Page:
In a majority of the cases, the plants can operate at the rated generation capacity because of built-in over-capacity in the auxilliaries, burning more fuel and the ability to replenish the losses in sub-systems. In such cases, the losses may be expressed in terms of Btu’s/hr directly, or in terms of “equivalent MWe”. In this context, equivalent MWe is defined as the additional electrical power output that the plant could generate by eliminating the existing control valve problems if there were no other limitations.

For quantifying inefficiencies due to control valves, the operational losses due to control valve problems can be categorized as follows:

Examples of primary losses of energy are leakage or flow from turbine bypass valves, emergency heater drain valves, main steam drain valves and boiler feedpump recirculation valves. In general, it includes all “high-energy dump valves”, i.e. those with high energy at the inlet and dumping to atmosphere or the condenser or a drain tank, that should be shut tight during normal operation. The energy loss is easily quantifiable when the process parameters and leakage flow estimates are available. At best, more fuel has to be burnt to make up the loss of energy in the leakage flow; at worst, the plant’s load is limited and the maintenance cost is high.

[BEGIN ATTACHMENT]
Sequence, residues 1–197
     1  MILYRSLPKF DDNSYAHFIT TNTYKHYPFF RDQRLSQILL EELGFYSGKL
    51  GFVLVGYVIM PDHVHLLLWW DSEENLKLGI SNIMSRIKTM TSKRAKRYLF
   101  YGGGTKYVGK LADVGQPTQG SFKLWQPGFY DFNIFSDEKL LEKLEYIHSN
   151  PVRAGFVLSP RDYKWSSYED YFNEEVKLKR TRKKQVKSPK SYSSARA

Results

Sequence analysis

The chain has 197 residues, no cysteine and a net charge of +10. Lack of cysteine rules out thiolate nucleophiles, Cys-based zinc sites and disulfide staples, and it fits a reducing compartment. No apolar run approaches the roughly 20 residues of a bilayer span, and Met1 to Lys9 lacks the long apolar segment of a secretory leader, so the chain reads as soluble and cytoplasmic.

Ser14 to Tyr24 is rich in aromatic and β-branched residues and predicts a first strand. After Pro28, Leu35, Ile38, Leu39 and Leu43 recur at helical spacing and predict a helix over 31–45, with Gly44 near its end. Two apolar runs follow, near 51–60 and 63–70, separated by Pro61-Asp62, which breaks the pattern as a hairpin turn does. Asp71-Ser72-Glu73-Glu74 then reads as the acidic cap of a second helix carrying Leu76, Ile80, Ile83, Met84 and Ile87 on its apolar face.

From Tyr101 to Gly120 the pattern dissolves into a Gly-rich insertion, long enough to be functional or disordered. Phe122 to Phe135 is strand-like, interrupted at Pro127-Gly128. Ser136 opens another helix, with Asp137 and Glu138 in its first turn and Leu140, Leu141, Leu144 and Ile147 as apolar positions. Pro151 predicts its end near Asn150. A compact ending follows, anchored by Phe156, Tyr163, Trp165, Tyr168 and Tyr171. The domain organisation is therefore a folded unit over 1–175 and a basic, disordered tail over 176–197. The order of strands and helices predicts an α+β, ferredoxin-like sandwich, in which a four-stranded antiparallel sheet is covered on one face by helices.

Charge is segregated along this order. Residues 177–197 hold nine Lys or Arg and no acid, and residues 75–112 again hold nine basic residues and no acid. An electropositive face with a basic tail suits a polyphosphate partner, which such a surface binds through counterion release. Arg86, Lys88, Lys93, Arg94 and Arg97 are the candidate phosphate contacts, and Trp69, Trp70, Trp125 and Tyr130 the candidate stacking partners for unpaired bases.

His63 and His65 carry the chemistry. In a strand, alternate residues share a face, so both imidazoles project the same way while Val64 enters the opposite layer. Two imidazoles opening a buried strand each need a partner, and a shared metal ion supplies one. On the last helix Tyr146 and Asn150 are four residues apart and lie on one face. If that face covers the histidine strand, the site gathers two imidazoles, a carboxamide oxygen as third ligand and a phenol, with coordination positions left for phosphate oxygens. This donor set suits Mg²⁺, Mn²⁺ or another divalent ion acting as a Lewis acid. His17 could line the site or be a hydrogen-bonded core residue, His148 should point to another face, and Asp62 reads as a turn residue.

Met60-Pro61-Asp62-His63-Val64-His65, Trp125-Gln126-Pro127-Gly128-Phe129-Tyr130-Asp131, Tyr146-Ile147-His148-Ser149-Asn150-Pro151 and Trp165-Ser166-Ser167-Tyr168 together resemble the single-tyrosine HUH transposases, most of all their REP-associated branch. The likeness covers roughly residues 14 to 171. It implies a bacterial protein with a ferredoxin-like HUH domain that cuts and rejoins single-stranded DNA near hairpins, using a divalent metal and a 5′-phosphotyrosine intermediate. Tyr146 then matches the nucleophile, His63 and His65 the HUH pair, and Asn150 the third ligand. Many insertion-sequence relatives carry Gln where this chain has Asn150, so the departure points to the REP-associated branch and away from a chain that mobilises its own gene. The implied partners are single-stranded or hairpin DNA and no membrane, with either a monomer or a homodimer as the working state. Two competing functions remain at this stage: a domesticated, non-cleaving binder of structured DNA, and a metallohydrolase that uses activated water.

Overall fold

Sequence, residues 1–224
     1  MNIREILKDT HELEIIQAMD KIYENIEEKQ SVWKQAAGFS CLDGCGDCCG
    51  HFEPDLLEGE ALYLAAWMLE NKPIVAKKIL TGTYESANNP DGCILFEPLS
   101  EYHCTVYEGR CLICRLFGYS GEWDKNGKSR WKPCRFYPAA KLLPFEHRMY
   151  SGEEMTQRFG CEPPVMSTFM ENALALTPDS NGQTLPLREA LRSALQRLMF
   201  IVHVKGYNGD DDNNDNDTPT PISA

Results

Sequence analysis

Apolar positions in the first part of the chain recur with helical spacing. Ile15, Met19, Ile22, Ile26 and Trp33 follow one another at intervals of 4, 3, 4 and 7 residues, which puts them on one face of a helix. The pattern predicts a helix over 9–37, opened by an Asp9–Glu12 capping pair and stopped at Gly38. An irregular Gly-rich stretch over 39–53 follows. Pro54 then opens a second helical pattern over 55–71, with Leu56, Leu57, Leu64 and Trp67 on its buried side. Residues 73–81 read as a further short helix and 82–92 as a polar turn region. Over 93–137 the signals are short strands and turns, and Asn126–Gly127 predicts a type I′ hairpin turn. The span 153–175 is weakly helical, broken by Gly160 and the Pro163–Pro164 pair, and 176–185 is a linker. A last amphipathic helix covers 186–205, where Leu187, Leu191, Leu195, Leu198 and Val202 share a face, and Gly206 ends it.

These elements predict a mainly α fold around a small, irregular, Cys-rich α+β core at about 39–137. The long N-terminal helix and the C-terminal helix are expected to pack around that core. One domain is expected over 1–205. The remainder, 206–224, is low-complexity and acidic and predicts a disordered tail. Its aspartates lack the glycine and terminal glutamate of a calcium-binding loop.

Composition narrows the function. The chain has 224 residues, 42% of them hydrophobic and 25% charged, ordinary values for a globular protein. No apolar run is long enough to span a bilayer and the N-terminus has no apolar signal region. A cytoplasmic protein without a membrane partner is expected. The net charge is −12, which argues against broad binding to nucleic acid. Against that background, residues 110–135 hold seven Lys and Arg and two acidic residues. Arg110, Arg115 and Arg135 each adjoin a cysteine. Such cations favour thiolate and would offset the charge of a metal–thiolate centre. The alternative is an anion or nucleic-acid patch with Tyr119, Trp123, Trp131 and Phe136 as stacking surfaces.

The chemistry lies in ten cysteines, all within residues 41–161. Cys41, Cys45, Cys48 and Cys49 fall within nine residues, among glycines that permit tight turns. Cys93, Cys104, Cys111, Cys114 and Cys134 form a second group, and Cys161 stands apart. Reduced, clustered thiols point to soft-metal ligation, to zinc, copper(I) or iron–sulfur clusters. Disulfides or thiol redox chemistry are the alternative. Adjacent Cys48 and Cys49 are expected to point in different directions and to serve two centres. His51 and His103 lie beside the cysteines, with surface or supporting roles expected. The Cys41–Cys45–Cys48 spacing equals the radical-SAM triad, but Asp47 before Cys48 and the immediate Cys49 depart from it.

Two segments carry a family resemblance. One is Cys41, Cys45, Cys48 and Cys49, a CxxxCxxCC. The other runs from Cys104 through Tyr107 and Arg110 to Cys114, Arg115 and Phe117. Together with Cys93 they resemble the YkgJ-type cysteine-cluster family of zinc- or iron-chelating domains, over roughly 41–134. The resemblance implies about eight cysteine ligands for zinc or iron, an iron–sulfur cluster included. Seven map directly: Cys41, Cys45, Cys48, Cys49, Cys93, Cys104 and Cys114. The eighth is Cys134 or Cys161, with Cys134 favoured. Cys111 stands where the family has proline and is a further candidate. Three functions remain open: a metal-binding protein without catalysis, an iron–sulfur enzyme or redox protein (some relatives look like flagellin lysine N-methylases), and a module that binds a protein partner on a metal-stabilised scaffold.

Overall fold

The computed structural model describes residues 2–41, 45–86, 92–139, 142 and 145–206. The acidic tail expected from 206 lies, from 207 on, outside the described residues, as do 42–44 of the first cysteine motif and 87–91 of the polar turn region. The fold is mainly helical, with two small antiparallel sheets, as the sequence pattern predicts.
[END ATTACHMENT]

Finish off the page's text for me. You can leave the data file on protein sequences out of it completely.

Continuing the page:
In fossil-fired power plants, the primary losses also include the effect of leaking attemperator spray valves. In this case, the leakage flow causes the steam temperature to drop. As a result the boiler must be fired harder to raise the steam temperature to the set value. The penalty in heat rate as a result of this can be translated to efficiency loss. This loss is quantifiable from the data provided by the plant designer at the time of commissioning.